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Christmas, Contraception and Condoms…

Party, Party, Party…Presents … Party…Pregnancy?

Lots to think about at Christmas and New Year…

Did you know…?

The UK Office for National Statistics (ONS) recently worked out that the most popular day to be born in England and Wales is 26 September! Around this time there is a seasonal peak in the number of births which shows that Christmas is definitely the time to be thinking about condoms and contraception…

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There are 15 different types of contraception available to help young women avoid pregnancy and condoms of course protect you from sexually transmitted infections.

Find out more

The most effective contraceptive methods are called Long Acting Reversible Contraception (LARC). There are different kinds of LARC, you may have heard them called different things: The coil (also known as the IUD or IUS) and The implant.

Both are widely available in South West London, and great if you don’t want to rely on a method you have to remember to take or replace regularly.

Talk to a sexual health profession about the contraception that is right for you…

Get in touch
Types of LARC contraceptionTypes of LARC contraception

The truth about LARC:

  • Coils are now perfectly suitable for many young women who have not had children.
  • Once a LARC method is fitted, it doesn’t need to be replaced for three years (implant) or for five to ten years (coils) and means you don’t have to think about taking it everyday and it will still work even if you are ill or sick. It can also be removed easily if you decide you want to have children.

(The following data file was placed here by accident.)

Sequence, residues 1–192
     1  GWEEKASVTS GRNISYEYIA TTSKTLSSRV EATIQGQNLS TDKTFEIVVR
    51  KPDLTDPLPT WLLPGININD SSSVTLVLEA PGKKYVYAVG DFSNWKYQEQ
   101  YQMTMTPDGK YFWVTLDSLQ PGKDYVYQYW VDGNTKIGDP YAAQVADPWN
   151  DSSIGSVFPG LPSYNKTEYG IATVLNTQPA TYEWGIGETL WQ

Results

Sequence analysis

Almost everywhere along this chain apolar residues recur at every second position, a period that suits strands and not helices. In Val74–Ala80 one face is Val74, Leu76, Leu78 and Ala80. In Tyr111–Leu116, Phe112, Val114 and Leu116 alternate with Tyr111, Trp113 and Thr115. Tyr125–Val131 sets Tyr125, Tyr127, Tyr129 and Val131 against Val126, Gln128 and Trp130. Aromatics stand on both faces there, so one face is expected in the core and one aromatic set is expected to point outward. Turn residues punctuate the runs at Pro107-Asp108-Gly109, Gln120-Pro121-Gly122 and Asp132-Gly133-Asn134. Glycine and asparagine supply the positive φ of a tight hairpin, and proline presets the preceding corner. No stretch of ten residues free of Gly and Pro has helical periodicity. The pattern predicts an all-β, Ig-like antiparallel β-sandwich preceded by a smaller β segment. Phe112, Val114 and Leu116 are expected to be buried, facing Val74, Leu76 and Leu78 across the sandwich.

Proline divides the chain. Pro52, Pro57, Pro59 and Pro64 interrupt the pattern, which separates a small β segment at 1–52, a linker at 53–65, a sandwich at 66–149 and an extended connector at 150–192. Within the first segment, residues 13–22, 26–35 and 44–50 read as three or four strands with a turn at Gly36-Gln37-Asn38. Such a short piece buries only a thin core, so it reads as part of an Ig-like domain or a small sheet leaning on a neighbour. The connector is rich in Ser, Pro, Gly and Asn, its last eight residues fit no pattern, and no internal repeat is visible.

• It may feel uncomfortable during your coil/implant fitting and for a few hours after (a bit like period pain), but this will settle down quickly.
  • The coil is actually the most effective method of emergency contraception and can be fitted up to five days (120 hours) after unprotected sexual intercourse. However, you may be advised to take the emergency contraceptive pill (used to be known as morning after pill) if it can’t be fitted immediately. If you have a coil fitted for emergency contraception, it can be kept in afterwards as your main form of contraception.
  • LARC may change your bleeding pattern - some women experience a reduction in bleeding, which is common with the implant, though others may experience irregular or heavier bleeding, but this usually improves after the first few months. You can always ask for another appointment with your coil fitter to discuss any problems with changes in your bleeding pattern.
  • Getting a coil or implant is easy, but may involve a couple of appointments; one to discuss your choice and suitability, the second usually needs a booked appointment for the fitting.
  • Like most other forms of contraception, coils and implants won't protect you or your partner from sexually transmitted infections. Double up your contraception with condoms to protect you from STIs and unplanned pregnancy.
  • More information on condoms here

Find a LARC service near you

Services are FREE and confidential, and you don’t have to be registered at most LARC fitting services to obtain it.

Useful links graphic

More about LARC this Christmas:

Here are some helpful links for further information on contraception:

NHS – Which method of contraception suits me? Sexwise – Long-acting reversible contraception (LARC)

For under 25s

Brook – Contraception
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